''A shadow of its former self''

Monday, 14 May 2018 - 18:10 UTC

''A shadow of its former self''

A lot of aurora enthusiasts have put 17 May in their agenda as a possible date for some enhanced geomagnetic activity and thus auroral displays. Why? Because that is the date that a coronal hole solar wind stream is expected to arrive at Earth from a coronal hole that managed to give us moderate G2 geomagnetic storm conditions back in April.

Great news I hear you think. Well... yes that is great news of course but as the reliable news source that we are... we are going to have to be all serious and stuff and put everyone with their feet back on the ground. Brace yourself because here comes the truth:

This coronal hole is only a shadow of its former self. Coronal holes are dynamic solar features that can persist for months or even years which polar coronal holes are known to do around solar minimum. However, coronal holes can also grow or disappear over the course of just weeks. This coronal hole did just that, it is diminishing in size. Just check out the picture below to see how it changed in less than one month's time.

Indeed the dark area which is the coronal hole has decreased dramatically in size. That means less high speed solar wind particles are escaping from that area and as a result, we should not expect the same kind of geomagnetic conditions as we've seen in April. In fact, we highly doubt that what is left of this coronal hole is even enough to bring us active geomagnetic conditions, let alone G1 geomagnetic storm conditions. Only if you are at a high latitude locations you might see some enhanced auroral displays but it looks like this coronal hole is down for the count. Sorry about the bad news but that's solar minimum for ya!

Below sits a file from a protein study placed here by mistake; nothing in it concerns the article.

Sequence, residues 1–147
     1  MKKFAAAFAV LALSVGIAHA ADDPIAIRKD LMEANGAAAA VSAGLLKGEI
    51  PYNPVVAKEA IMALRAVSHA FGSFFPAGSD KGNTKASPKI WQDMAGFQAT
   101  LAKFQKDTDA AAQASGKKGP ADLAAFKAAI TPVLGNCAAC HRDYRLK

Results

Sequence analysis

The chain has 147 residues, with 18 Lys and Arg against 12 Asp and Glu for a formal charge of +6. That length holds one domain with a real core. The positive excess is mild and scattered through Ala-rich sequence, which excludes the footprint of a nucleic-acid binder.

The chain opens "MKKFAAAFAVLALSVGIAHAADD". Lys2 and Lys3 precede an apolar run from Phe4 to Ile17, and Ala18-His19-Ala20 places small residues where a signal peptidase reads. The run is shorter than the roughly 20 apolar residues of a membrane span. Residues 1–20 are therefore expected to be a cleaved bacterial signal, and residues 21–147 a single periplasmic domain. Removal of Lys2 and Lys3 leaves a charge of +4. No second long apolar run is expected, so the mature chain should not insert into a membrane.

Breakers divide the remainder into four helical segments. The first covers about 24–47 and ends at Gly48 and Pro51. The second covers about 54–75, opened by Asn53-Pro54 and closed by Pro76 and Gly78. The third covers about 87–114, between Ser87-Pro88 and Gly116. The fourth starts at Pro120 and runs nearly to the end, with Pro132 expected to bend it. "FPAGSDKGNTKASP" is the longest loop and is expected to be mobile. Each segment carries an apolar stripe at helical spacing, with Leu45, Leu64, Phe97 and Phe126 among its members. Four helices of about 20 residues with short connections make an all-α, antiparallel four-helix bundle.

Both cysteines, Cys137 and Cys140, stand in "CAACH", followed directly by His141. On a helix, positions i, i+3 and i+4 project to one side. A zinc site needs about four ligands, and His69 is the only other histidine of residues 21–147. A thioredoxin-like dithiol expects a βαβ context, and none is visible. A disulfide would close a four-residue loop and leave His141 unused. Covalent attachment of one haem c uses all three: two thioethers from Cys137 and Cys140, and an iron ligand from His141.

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Current data suggest that it is not possible to see aurora now at middle latitudes

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